Winston Churchill once said, “No hour of life is wasted that is spent in the saddle.”
Equestrians and horse lovers no doubt agree. Horses are mysterious and grand, yet fragile creatures that have captured hearts and imaginations for centuries. These natural athletes dazzle in the show ring and have a huge following worldwide among competitive circuits.
Among the stopping grounds for such major events is central Pennsylvania, which boasts an enthusiastic equestrian community. The Pennsylvania National Horse Show (PNHS), now in its 74th year, attracts some of the show-jumping world’s premier athletes while giving up-and-coming hunter/jumper riders the opportunity to compete with their peers as they try to rise up through the ranks of the sport.
Held every October at the PA Farm Show Complex in Harrisburg, the show is one of the marquee events for riders and one of the largest indoor shows in the country. Riders come from all corners to compete for top prize money, ribbons and recognition. Attendees are treated to a show that features the best of the best in equestrianism.
Seventeen-year-old Paige Jones of Landenberg in southern Chester County will be among those competitors. She’s competing for the first time at PNHS in the U.S. Equestrian Federation’s Dover Hunt Seat Medal final on her mount, AF Cassini.
“I’ve been competing since I was 5,” she said. “My mom used to train ponies, so that’s how I started riding and showing competitively. The show grounds here are really nice, and it’s fun showing against riders from all over the country.”
Jones wants to start competing with the medium and high amateur owner, or A/O, jumpers this winter and eventually move up to Grand Prix, the cream-of-the-crop class in jumping. And, as in any sport, there are role models to admire. Nayel Nassar is one of Jones’ favorite Grand Prix riders.
“He is very calm, consistent and successful,” she said.
The Pennsylvania National Horse Show is just the latest stop for Jones. She just committed to Oklahoma State University to ride on the Division 1 equestrian team and will be heading there next fall.
Beyond jumping, the show features dozens of events and activities for horsey and non-horsey folks alike, such as Family Fun Day on Oct. 12. Book readings by authors and wagon rides are among the activities. Noodles normally used to keep afloat in the pool will be part of a craft activity. Kids will learn how to form the noodles into—what else?—a pony that they can ride around the concourse.
The now-famous Libre, a Boston terrier who was discovered suffering from neglect and shed light on the plight of dogs in puppy mills, also will make an appearance that day. Hunt Night on Oct. 14 is another big feature at the show, as it is the only indoor hunt night in the country devoted to local clubs.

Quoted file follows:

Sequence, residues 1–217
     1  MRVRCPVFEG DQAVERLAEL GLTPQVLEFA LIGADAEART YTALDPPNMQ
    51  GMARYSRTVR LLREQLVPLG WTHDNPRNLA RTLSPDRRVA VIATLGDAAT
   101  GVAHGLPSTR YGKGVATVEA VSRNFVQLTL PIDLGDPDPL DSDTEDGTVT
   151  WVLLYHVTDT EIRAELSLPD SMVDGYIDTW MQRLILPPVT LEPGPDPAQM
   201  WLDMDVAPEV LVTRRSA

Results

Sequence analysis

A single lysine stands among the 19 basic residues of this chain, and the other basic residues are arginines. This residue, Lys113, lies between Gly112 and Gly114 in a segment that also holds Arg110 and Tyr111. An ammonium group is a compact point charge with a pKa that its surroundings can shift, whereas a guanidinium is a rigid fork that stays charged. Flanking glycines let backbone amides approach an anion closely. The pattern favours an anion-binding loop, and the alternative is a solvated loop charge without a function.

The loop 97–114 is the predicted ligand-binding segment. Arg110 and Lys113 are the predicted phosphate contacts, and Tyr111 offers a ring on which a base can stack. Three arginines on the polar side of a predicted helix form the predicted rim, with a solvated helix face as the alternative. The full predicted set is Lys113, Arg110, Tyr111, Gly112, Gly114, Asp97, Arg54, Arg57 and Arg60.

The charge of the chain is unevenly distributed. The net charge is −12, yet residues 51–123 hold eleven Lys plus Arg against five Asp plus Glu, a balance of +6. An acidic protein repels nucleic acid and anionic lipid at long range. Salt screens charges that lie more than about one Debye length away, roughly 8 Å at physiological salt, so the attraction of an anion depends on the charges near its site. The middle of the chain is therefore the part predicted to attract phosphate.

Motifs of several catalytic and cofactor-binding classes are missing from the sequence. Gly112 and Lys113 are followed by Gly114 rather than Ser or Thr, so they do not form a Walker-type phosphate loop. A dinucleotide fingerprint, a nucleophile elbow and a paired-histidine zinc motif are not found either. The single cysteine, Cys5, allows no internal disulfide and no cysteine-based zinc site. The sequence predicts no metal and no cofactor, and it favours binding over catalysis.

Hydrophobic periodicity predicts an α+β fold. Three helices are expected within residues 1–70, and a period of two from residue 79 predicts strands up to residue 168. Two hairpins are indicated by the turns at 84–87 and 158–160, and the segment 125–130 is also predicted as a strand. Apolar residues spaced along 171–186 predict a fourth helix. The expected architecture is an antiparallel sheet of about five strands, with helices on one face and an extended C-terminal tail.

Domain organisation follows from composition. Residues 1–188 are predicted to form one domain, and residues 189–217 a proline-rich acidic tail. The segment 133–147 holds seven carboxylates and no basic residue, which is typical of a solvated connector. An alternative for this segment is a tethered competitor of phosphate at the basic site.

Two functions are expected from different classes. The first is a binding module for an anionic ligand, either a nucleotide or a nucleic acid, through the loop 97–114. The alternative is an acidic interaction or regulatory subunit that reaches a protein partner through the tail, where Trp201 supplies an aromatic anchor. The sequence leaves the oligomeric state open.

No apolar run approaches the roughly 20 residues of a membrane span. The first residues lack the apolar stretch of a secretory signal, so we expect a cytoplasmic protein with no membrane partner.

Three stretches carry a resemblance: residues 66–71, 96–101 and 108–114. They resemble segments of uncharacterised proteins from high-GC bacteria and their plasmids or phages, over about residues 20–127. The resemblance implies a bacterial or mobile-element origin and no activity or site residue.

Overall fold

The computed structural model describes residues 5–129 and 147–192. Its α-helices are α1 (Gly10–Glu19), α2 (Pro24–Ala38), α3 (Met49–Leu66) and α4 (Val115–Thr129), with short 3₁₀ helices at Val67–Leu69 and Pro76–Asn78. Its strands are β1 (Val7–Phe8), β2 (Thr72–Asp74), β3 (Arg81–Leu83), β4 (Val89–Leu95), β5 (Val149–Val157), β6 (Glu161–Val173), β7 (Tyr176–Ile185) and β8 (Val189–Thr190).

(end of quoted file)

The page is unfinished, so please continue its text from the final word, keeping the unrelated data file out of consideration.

PNHS Executive Director Susie Webb, who has been with the show for four years, said the competition remains one of the premier national sporting events in the United States by remaining dedicated to horse enthusiasts, while engaging and educating the audience with unique features such as the therapeutic riding championships, which take place on Foundation Friday, Oct. 18.
Initiated in 2016, Foundation Friday is the setting for two riding championships—assisted and unassisted—and the presentation of the foundation’s “Therapy Horse of the Year Award.” Therapeutic riding is an equine-assisted activity that contributes to the cognitive, physical, emotional and social well being of people with special needs.
“Our ‘Therapy Horse of the Year’ two years ago became a Breyer horse,” Webb said, referring to the toy horses made by Breyer Animal Creations. “Zipped Black Magic, a 20-year-old appaloosa, is also special needs, as he is totally blind.”
Anyone who has collected the famous Breyer model horses knows that a horse has to be very special to be chosen for that honor.
Webb also emphasized how special the families of the children participating in the therapeutic riding event are.
“Thanks need to go to the families who participate,” she said. “They are always thanking us, but we thank them for their commitment and time.”
The event’s big night is the Grand Prix, when famed professional riders like McLain Ward, Beezie Madden and the Millar family from Canada come to compete in what look like impossibly insurmountable jumps. The Grand Prix wraps up the 10 days of competition.
“That’s what this sport is—families, young, old, dad, daughter, all competing on the same level.” Webb said. “It’s in another league from most other sports.
The PA National Horse Show takes place Oct. 10 to 19 at the PA Farm Show Complex in Harrisburg. For more information and a schedule of events, visit www.panational.org.